The ChIP assay was performed as described previously using a PPARα Ab from Affinity Bioreagents (27). For ChIP re-ChIP assay, crosslinking, lysis, sonication, and immunoprecipitation with a PPARα-specific Ab were performed per normal ChIP assay. Following initial immunoprecipitation, eluted immune complexes were diluted 10× with a re-ChIP buffer and then immunoprecipitated again using an Ab specific for the coactivator SRC-1 (Affinity Bioreagents). Following this step, the assay was continued as a routine ChIP assay. Input samples were diluted 100-fold, and for re-ChIP, the initial PPARα immunoprecipitation sample was diluted 10-fold. Five μl of DNA was used for each PCR. PCR amplification of the IL-4, IL-5, GATA3, and cMaf promoters was performed. The primers used were as follows: IL-4, 5′-CGGACACCTGTGACCTCTTCCTTC-3′ and 5′-CCAATCAGCACCTCTCTTCCAGGAG-3′; IL-5, 5′-CCTGAGTTTCAGGACTCGCC-3′ and 5′-CCAGACACAGCTGAGAGTCA-3′; GATA3, 5′-GGAAAGCTGGTTCGGAGGCA-3′ and 5′-GCCGATTCATTCGGGCTCAG-3′; and cMaf, 5′-CGAGGGATCCGGAGAGAGAA-3′ and 5′-GCGCTTTGCATAAGGAGGGC-3′. PCR conditions were 55°C for 1 min, 72°C for 1 min, and 94°C for 30 cycles using previously described PCR mixes (27).
Student’s two-tailed t test was used to determine statistical significance of cytokine production between different experimental groups. The Mann-Whitney U test was used for analysis of mean clinical scores. All statistics were performed using GraphPad Prism software.
It has been shown previously that PPARα agonists can increase IL-4 production and decrease IFN-γ production in immune cells (8, 20, 24, 28). We wanted to determine whether the agonists were mediating these effects by modulating the transcription factors GATA3 and T-bet, which are known to regulate IL-4 and IFN-γ production, respectively (29, 30). TCR transgenic splenocytes that express Vβ8.2, which recognizes MBP Ac1–11 when paired with Vα2.3, were stimulated with MBP Ac1–11 in the presence or absence of gemfibrozil. Vβ8.2 transgenic mice have a frequency of MBP Ac1–11-specific T cells of 1 in 103 to 104, providing a model for studying Ag-specific T cells in the context of a diverse T cell repertoire. Western blot analysis indicated that GATA3 expression increased and T-bet expression decreased when splenocytes were cultured with gemfibrozil, suggesting that this PPARα agonist cannot only alter IL-4 and IFN-γ production, as shown previously (8), but can also modulate the transcription factors that regulate expression of these cytokines (Fig. 1A).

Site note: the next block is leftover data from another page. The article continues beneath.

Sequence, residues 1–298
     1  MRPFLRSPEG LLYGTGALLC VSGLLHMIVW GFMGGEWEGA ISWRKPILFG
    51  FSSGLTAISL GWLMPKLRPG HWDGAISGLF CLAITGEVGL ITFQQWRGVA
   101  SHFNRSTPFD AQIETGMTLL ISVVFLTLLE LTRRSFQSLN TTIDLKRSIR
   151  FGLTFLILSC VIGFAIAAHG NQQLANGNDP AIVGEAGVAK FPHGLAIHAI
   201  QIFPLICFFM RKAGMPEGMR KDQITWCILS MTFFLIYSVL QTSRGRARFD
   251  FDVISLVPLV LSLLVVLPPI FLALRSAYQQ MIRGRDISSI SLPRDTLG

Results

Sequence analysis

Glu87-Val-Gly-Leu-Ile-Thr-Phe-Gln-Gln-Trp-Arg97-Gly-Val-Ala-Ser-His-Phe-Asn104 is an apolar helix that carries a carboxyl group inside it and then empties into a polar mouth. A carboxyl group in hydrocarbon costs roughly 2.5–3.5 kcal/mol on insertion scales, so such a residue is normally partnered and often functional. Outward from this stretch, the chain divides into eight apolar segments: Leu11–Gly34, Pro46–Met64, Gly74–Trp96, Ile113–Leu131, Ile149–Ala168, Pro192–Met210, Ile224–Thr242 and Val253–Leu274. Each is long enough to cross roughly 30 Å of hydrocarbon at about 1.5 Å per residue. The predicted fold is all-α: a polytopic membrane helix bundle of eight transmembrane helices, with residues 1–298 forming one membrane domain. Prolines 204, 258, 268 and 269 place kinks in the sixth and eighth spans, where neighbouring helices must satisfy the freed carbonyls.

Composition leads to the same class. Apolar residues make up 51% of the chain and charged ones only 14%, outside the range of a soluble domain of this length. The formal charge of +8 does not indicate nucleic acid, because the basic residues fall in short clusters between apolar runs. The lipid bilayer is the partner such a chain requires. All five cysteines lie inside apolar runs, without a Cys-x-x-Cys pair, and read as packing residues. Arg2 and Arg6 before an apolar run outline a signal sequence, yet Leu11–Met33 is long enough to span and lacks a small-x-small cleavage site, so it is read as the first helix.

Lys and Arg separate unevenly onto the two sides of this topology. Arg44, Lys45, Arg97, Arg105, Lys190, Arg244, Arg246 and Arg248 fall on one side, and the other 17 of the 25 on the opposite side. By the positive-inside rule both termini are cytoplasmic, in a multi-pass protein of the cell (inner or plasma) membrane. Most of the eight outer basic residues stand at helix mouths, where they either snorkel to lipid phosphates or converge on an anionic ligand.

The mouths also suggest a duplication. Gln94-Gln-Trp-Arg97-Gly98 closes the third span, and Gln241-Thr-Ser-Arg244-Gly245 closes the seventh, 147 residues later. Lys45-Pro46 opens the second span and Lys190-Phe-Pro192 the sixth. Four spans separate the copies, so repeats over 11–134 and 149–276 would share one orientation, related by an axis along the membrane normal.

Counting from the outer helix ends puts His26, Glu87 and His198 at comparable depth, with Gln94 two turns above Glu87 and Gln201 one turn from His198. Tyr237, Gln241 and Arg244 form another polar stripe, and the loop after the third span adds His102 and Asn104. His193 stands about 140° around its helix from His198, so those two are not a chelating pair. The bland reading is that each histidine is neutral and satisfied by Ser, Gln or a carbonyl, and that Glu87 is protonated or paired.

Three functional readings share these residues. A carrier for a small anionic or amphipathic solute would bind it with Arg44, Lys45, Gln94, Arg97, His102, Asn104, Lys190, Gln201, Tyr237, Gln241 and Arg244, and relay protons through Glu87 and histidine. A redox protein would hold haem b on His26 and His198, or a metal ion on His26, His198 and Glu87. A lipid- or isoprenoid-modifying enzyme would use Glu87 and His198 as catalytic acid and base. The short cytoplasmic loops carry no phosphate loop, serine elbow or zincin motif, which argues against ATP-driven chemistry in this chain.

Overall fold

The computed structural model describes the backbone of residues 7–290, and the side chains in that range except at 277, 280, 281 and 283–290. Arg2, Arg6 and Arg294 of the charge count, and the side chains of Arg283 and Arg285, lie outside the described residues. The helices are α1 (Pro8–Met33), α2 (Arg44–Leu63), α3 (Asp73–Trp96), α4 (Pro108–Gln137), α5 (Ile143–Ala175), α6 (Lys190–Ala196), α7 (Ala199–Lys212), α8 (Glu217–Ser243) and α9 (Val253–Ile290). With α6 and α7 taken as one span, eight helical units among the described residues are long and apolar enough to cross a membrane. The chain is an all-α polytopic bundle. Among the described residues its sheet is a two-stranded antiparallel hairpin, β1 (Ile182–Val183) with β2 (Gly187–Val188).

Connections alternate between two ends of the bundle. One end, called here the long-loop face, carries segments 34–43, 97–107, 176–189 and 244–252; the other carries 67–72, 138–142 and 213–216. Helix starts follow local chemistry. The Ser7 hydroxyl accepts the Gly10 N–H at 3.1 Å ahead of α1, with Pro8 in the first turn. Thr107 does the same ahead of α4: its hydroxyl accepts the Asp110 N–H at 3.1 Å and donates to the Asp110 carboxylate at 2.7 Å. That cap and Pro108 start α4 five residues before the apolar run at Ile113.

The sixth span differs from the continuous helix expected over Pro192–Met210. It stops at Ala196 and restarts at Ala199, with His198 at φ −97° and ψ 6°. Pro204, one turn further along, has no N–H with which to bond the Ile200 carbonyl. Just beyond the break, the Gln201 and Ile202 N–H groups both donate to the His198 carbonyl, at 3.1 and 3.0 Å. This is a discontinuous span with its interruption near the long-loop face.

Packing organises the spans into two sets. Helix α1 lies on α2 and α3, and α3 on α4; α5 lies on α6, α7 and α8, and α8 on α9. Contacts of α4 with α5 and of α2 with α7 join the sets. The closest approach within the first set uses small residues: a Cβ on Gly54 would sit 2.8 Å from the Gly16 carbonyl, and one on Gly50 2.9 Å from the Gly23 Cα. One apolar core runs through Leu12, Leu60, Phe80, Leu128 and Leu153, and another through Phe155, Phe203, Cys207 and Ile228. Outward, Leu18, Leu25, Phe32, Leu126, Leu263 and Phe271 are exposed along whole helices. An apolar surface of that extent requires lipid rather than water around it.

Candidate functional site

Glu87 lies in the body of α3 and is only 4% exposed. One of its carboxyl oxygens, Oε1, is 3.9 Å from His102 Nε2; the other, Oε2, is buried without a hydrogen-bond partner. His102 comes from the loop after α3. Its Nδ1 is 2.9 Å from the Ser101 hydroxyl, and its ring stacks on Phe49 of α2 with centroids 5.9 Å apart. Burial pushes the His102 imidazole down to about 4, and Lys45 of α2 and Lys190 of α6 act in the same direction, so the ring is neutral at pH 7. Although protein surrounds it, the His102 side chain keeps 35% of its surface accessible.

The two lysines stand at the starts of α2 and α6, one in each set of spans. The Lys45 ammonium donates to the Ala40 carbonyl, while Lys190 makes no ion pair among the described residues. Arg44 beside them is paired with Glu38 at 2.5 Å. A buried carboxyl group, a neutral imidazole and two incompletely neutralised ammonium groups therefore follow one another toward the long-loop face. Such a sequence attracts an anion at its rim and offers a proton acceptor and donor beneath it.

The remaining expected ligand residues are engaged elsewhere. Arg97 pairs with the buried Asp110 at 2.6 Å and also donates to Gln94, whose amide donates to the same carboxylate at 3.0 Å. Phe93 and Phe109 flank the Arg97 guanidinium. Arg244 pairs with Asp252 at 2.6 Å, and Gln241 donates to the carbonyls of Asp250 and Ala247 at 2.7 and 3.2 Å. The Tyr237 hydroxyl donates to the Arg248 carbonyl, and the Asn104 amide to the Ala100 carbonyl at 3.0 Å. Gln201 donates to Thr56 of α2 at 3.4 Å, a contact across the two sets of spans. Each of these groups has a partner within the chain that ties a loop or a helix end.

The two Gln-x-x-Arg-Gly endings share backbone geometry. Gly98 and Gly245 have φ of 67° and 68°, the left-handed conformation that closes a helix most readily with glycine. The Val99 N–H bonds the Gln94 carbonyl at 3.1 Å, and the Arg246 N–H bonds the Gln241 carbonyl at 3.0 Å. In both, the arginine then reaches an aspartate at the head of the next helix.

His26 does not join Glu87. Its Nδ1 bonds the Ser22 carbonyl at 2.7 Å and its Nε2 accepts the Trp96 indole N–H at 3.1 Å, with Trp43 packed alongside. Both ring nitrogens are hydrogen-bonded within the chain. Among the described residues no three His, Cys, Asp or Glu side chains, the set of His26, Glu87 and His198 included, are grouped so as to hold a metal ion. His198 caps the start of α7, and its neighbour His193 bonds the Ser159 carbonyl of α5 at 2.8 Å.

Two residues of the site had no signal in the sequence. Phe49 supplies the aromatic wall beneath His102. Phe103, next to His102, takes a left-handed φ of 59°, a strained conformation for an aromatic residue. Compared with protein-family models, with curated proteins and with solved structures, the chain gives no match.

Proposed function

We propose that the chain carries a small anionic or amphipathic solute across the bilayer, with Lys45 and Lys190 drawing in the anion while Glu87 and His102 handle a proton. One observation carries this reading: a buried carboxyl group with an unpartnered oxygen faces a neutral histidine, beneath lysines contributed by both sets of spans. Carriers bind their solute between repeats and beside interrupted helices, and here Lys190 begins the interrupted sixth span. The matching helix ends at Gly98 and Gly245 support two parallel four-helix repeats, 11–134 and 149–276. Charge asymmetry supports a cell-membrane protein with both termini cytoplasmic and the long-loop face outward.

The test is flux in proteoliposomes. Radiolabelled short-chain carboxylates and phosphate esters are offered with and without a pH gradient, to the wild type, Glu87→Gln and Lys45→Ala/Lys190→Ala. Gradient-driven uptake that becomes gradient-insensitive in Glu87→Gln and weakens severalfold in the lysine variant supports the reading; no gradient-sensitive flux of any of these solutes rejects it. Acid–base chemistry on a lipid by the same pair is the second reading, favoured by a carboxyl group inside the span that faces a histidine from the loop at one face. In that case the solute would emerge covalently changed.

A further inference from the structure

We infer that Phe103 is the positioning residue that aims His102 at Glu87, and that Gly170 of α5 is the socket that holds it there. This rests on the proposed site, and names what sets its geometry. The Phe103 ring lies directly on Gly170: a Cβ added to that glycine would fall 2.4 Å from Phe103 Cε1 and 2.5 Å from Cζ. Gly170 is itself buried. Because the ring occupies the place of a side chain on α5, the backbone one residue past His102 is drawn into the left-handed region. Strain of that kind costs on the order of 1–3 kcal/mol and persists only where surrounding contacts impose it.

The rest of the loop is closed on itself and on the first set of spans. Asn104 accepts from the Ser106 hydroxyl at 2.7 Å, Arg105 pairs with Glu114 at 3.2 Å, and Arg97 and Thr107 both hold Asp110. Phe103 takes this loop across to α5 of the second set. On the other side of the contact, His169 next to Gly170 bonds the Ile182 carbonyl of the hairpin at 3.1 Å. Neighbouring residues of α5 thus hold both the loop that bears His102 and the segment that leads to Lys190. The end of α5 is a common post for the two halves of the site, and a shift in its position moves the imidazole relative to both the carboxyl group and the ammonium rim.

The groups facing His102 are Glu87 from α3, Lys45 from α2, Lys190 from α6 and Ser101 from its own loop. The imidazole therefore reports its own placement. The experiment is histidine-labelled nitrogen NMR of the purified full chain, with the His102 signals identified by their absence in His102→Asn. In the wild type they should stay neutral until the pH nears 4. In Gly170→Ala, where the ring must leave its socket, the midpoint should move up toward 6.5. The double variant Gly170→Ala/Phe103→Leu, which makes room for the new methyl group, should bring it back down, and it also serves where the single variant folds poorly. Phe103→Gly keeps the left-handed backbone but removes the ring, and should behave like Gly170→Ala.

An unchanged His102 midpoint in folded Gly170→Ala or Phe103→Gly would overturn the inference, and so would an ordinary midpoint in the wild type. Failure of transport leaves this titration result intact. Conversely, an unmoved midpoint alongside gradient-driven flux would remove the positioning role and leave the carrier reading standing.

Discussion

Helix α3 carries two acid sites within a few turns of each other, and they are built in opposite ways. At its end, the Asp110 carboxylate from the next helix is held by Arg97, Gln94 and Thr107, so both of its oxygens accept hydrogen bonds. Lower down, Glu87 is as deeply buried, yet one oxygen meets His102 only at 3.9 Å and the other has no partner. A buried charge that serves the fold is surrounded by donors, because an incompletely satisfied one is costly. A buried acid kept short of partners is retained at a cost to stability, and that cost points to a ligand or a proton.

Directly ex vivo, similar to what was observed in vitro, GATA3 expression was increased and T-bet expression was decreased in the splenocytes of mice immunized with MBP Ac1–11 and fed gemfibrozil compared with vehicle-fed controls. These changes correlated with an increase in nuclear PPARα expression in the gemfibrozil-fed mice (Fig. 1B). We also found that IL-23R expression was decreased in the splenocytes of EAE mice that were given gemfibrozil 30 days postimmunization per feeding compared with vehicle-fed controls (Fig. 1B). This is in agreement with our recent observation that T-bet regulates IL-23R expression (31). Furthermore, activation of splenocytes with MBP Ac1–11 from vehicle-fed controls resulted in successful adoptive transfer in 9/9 mice, whereas 4/17 mice receiving MBP Ac1–11-activated splenocytes from gemfibrozil fed mice developed EAE (supplemental Table I).4
To determine whether the efficacy of gemfibrozil treatment in EAE was dependent on increased production of IL-4, IL-4 deficient or WT B10.PL mice were given a diet continuously supplemented with gemfibrozil before and after the induction of EAE. Gemfibrozil-fed mice that were deficient in IL-4 were not protected from disease to the same extent as the WT gemfibrozil-fed controls (Fig. 2A). Incidence and mean disease severity of the mice in this experiment are shown in Table I. In addition, IL-4-deficient mice were found to have decreased nuclear PPARα expression ex vivo compared with WT controls even in the presence of gemfibrozil (Fig. 2B). This decreased expression correlated with increased disease severity.
It has been suggested previously that PPARα agonists mediate their anti-inflammatory effects in a PPARα-independent manner (24, 32). To determine whether this was true in our system, splenocytes were transfected with a siRNA specific for PPARα and stimulated in the presence of gemfibrozil in vitro. Following administration of siRNA, PPARα expression was decreased in vitro (Fig. 3A). Furthermore, when PPARα expression was suppressed, there was no longer an increase in GATA3 expression in the presence of gemfibrozil (Fig. 3A). This data suggests that the increase in GATA3 expression that occurs in the presence of gemfibrozil (Fig. 1, A and B) occurs in a receptor-dependent manner.